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COVID-19

How to Help Brick and Mortar Clients Quickly Start Selling Online

In a continued effort to slow the spread of COVID-19, local and state governments have issued orders for nonessential businesses and establishments to close their doors. These orders, combined with the lack of consumers making their way into ...

Small business coronavirus

In a continued effort to slow the spread of COVID-19, local and state governments have issued orders for nonessential businesses and establishments to close their doors. These orders, combined with the lack of consumers making their way into physical stores, have had a major impact on small businesses across the country. Many brick-and-mortar small businesses have determined the only way to remain open and serve customers is to transition operations to online ecommerce, which is something several businesses will do for the first time.

[This article first appeared on the Avalara blog.]

For your brick-and-mortar clients suddenly struggling to figure out how to bring their stores online during this unprecedented time, there are several key considerations. Here are six steps your clients can take to quickly establish an ecommerce presence and continue reaching customers.

1. Set up an online platform

The first step for any business owner considering ecommerce is to research the platforms available to determine which best fits the needs of your client’s business and budget. There are a number of cost-efficient ecommerce providers that allow small businesses to get up and running in a matter of minutes. A full list of the ecommerce providers Avalara works with can be found here.

When evaluating ecommerce platforms, there are a number of factors to consider, including multiplatform operations, shipping and fulfillment features, security measures, and compliance capabilities. If your client is transitioning to online for the first time, simplicity in functionality both on the back end and customer-facing features will likely be top of mind. Most ecommerce platform providers have several different plans from which to choose. A good rule of thumb when deciding which plan is best is to keep in mind the following:

  • How many products will be sold online? If products sold are limited, a simpler plan with lower rates may be suitable. There is no product limit for many providers’ main plans.
  • What features are needed? If your client wants a site that enables customers to view products and make purchases, a simpler plan is likely the best fit. However, many businesses find it’s beneficial to include additional features that contribute to positive customer experiences, like customer loyalty plans, abandoned cart recovery, and more.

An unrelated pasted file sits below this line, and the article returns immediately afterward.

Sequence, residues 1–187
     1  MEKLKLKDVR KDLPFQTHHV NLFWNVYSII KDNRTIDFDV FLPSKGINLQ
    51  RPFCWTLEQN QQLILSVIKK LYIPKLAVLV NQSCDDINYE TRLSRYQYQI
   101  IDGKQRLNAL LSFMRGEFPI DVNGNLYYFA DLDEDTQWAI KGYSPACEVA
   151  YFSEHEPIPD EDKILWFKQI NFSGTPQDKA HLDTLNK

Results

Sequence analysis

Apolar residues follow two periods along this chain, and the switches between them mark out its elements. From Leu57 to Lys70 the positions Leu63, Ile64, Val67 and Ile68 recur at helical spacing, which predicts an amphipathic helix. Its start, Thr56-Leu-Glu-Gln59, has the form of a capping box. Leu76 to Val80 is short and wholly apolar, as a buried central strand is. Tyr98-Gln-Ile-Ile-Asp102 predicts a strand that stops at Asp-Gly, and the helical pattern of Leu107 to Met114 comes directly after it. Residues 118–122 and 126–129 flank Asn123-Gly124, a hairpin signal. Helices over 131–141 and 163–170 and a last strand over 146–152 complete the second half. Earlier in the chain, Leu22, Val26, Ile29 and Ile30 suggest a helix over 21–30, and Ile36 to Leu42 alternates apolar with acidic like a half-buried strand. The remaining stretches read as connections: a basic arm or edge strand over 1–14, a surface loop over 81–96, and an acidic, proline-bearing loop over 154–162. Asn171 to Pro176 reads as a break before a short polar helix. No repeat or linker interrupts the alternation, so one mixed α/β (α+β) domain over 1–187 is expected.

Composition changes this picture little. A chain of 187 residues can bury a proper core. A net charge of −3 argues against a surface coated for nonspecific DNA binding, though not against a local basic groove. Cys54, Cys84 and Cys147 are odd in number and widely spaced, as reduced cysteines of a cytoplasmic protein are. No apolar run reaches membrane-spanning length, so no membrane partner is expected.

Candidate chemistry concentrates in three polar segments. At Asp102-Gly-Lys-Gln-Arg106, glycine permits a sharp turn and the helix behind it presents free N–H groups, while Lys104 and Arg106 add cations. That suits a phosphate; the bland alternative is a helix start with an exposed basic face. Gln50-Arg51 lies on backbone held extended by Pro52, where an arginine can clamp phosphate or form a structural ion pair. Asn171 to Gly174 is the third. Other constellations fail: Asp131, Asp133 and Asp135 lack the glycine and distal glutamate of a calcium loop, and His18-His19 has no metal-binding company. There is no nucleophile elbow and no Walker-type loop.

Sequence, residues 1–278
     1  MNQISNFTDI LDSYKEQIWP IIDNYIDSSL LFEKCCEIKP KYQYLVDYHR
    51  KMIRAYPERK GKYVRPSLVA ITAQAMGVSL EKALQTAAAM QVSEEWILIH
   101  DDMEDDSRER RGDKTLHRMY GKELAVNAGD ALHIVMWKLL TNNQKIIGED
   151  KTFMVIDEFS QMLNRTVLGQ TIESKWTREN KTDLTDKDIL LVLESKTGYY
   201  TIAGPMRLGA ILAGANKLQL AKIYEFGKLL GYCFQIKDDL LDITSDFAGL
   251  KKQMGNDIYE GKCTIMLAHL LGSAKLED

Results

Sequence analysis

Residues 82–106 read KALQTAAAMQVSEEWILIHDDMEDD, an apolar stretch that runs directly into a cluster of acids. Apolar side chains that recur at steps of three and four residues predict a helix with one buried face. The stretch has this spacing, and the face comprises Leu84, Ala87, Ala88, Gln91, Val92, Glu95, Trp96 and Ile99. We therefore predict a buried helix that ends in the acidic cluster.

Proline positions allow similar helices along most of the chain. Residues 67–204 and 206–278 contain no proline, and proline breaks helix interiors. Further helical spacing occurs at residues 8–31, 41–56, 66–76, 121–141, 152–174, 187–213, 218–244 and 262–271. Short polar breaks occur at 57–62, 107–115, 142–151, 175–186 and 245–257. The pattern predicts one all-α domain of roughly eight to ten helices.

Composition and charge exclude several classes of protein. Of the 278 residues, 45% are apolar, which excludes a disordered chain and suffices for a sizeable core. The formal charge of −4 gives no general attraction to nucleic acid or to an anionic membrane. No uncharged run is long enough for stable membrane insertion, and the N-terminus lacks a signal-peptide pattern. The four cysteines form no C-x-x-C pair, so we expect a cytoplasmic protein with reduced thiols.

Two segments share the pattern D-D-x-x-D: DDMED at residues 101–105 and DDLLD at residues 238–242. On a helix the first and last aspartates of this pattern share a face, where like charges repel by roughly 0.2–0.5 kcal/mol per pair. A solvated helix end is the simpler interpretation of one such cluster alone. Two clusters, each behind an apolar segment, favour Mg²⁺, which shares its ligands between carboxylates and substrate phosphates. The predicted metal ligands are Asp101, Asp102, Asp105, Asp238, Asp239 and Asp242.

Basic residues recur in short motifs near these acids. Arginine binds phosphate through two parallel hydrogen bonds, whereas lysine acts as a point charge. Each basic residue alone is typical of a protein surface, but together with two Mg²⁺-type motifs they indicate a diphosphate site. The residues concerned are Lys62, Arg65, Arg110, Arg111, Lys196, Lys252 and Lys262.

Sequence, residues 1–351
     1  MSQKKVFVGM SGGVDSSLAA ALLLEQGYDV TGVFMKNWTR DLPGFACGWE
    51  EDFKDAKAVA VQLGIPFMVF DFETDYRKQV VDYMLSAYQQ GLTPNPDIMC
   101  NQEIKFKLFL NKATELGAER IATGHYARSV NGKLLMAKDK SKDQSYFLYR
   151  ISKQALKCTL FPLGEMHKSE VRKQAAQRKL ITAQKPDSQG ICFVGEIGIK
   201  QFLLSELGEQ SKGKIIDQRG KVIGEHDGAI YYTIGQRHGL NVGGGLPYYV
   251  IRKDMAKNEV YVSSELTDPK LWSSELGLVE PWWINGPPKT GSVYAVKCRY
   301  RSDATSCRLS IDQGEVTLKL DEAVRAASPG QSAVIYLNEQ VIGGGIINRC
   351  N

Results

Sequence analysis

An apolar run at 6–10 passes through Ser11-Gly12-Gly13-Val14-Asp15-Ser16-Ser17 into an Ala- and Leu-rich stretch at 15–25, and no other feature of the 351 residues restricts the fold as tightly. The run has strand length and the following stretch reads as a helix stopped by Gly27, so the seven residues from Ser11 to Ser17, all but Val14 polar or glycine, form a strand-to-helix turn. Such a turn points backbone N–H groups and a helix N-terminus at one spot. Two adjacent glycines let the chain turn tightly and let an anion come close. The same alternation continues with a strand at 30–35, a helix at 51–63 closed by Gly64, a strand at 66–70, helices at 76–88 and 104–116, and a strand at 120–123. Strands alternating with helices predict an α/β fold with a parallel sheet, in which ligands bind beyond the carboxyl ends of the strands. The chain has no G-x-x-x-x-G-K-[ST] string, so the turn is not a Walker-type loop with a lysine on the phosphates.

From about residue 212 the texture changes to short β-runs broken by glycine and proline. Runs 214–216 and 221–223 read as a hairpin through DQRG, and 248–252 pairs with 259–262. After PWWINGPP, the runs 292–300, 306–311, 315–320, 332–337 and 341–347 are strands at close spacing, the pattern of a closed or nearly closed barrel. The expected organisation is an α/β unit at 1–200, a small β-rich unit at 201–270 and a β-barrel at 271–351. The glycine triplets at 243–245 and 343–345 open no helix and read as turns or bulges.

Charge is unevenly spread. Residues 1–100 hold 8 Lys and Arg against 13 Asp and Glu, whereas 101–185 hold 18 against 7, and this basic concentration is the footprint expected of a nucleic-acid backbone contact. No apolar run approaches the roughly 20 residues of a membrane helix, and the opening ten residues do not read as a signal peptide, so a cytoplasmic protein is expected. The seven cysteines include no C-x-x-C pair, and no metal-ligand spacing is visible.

Note that during this time, your client’s business may not have the luxury of conducting extensive research on multiple platforms, and instead may need to rely on something that works now. Fortunately, there are providers that offer out-of-the-box functionality that will enable them to get their basic store up and running quickly. Meghan Stabler of ecommerce platform BigCommerce provided this perspective:

“For business owners who have invested their energy into building lasting physical storefronts, the process of moving online doesn’t have to be intimidating, even when the future of your brand relies on your ability to launch and drive online sales. Ecommerce platforms like ours are designed with out-of-the-box functionality and application integrations to ensure that even the most novice sellers can get their stores online quickly, and offer the tools to help their business grow now and for years to come. In these uncertain times, having an online presence is an essential way to stay connected to your customers and continue driving revenue. While it may feel overwhelming to move online so quickly, this an easy business decision that will pay long-lasting dividends.” 

Once your client has identified a best-fit ecommerce platform, they’ll need to register their domain name and get an account set up — all of which can be done from any connected device. Once established, they can start customizing their website features.  

2. Determine which products will be sold online

Given the necessary timeliness of efforts to transition store functions to ecommerce, it’s important to prioritize which products will be sold online, so the most profitable and in-demand products are available for purchase as your client’s website is launched. It can feel like every product in the store should be available immediately, but by prioritizing the most popular products first, your client can get online operations up and running, then begin fulfilling orders while adding additional inventory.

3. Diversify payment methods

Advising your client on setting up accepted payment methods is a crucial part of converting a browser into a buyer. Help them determine which payment methods are the most commonly used and accommodate for the largest number of customers. Fortunately, most ecommerce providers offer integrations with the most common payment methods like Visa, Mastercard, PayPal, Apple Pay, and more. If you’re still unsure of which payment methods to accept, a good rule of thumb is to incorporate the same payment methods offered through your client’s in-store point-of-sale system.

4. Set up shipping and returns functions

Once products and set up payment methods are outlined, the next step is to ensure   products can get to customers. Shipping, fulfillment, and returns can be a major roadblock for many small businesses making the transition from brick-and-mortar to online. A key feature that should be included in your client’s ecommerce platform capabilities is shipping options, including drop shipping, printable shipping labels, and pre-setup shipping providers.

Will your client be fulfilling orders themselves? If yes, consider using a shipping app like ShipStation, which helps automate shipping for merchants of all sizes, and offers small businesses discounted shipping rates with USPS, UPS, and FedEx.